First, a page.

This is a free-agent market big on bodies but light on stars. And with so many teams feeling the financial pinch of the pandemic, it’s going to be especially important to find bang for your buck.

We’re here to help with this team of bargain ballplayers who could prove to be wily signings.

As tends to be the case, it’s hard to determine who really qualifies as “underrated.” But it seems safe to say that none of the following guys are front-of-mind in free agency at the moment. Ages listed as of Opening Day 2021.

C: Curt Casali (age 32)

The catching market beyond J.T. Realmuto, James McCann and a 38-year-old Yadier Molina largely revolves around complementary pieces. And Casali, freshly non-tendered by the Reds, is a good one.

Over the last two seasons, Casali’s FanGraphs wins above replacement is 1.8, which ranks fifth among all free-agent catchers, just above Molina (1.7). In that time, Casali has provided essentially league-average output (a .244/.340/.435 slash) while grading out above-average in his framing skills. Give him the at-bats against left-handed pitchers (against whom he has an .816 career OPS), and you’re in good shape behind the plate. Also, the alliteration of “catcher Curt Casali” is clearly compelling.

1B: Carlos Santana (age 34)

This may have been the year of the MVP first baseman (Freddie Freeman and José Abreu), but teams aren’t exactly going to be tripping over MVP-caliber first basemen in this free-agent class. And so they must take a gamble. Santana is up there in years (entering his age-35 season), hit just .199 with a .699 OPS in 2020 and is not likely to repeat his All-Star 2019. But he remains a disciplined hitter in an undisciplined era.

The switch-hitting Santana’s 18.4% walk rate that registered as elite this past season, and his expected metrics (a .261 expected batting average and .463 expected slugging percentage, based on batted-ball data) point to bad luck in the shortened season for this traditionally slow-starter.

2B: Cesar Hernandez (age 30)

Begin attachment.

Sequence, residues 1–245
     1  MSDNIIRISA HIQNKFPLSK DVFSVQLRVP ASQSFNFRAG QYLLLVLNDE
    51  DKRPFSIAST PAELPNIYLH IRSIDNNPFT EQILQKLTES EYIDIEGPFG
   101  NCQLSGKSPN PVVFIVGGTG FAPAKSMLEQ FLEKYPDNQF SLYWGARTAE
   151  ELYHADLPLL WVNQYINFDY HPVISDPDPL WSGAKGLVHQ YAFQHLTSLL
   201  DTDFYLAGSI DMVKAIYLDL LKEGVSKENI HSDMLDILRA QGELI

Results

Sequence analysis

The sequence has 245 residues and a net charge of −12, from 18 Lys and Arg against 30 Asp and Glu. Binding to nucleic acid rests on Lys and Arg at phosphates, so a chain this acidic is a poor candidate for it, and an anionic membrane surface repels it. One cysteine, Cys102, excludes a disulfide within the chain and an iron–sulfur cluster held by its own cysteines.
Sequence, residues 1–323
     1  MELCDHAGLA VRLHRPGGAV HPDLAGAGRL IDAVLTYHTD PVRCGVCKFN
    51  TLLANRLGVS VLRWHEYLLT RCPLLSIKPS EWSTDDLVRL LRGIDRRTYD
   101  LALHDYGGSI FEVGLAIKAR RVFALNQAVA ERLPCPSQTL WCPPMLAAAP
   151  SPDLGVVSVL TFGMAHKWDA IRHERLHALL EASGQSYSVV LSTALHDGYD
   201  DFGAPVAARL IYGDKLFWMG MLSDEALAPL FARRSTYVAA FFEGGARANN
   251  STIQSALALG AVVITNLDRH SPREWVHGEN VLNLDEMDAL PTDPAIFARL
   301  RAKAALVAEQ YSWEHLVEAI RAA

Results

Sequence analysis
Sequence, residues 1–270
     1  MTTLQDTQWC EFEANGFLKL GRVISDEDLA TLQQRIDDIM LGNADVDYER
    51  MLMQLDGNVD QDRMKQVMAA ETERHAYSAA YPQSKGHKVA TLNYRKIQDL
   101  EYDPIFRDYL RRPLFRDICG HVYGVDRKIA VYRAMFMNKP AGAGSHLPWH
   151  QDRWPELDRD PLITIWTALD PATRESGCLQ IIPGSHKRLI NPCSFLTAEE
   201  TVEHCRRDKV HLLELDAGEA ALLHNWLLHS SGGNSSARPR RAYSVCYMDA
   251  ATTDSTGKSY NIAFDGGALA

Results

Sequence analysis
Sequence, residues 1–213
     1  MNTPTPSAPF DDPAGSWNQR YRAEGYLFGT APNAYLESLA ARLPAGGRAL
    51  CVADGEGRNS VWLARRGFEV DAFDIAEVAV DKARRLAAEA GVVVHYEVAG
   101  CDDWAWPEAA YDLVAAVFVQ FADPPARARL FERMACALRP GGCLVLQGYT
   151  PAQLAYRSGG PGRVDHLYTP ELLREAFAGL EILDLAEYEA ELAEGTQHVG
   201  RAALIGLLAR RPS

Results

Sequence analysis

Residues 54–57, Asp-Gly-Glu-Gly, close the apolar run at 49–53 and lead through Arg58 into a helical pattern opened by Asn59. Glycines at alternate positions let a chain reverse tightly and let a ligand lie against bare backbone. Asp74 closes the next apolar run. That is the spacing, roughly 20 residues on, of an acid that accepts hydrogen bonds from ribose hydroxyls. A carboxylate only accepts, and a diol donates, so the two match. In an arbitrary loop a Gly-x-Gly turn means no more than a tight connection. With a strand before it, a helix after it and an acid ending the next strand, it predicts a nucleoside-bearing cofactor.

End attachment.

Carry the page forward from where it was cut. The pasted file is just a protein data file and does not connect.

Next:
Speaking of disciplined hitters, it is tempting to put the high-contact, low-K Tommy La Stella in this spot, as he’s a worthy target of those who can’t land DJ LeMahieu. But because we already had La Stella (and Kolten Wong) on our top 25 free agents list at the outset of the offseason, let’s shine a light on Hernandez -- a durable switch-hitter who provides contact, a little bit of speed and good defense on the cheap.

Over the last two seasons with Philadelphia and Cleveland, Hernandez has slashed a respectable .280/.338/.408 while grading out above-average on the basepaths and with the glove. His 1.9 fWAR in 2020 ranked third among all second basemen.

SS: Jurickson Profar (age 28)

OK, Profar hasn’t actually played short since 2018. But we wanted to stick him somewhere on this squad, and, once you get past the big names of this free-agent shortstop class (Didi Gregorius, Marcus Semien and Andrelton Simmons), it thins out in a hurry.

Profar endured injury trouble early in his career and never did live up to his pedigree as the No. 1 prospect in baseball back in 2013, and he didn’t stick at short. But he’s become a valuable, versatile utilityman who can help any contending club. Over the last three years, he’s posted an essentially league-average OPS+ (101), with 20 homers apiece in 2018 and ’19 and a 20-homer pace in ’20. He’s done that while taking turns at every infield position and left field. Profar’s a streaky hitter, but he’ll only be 28 next season.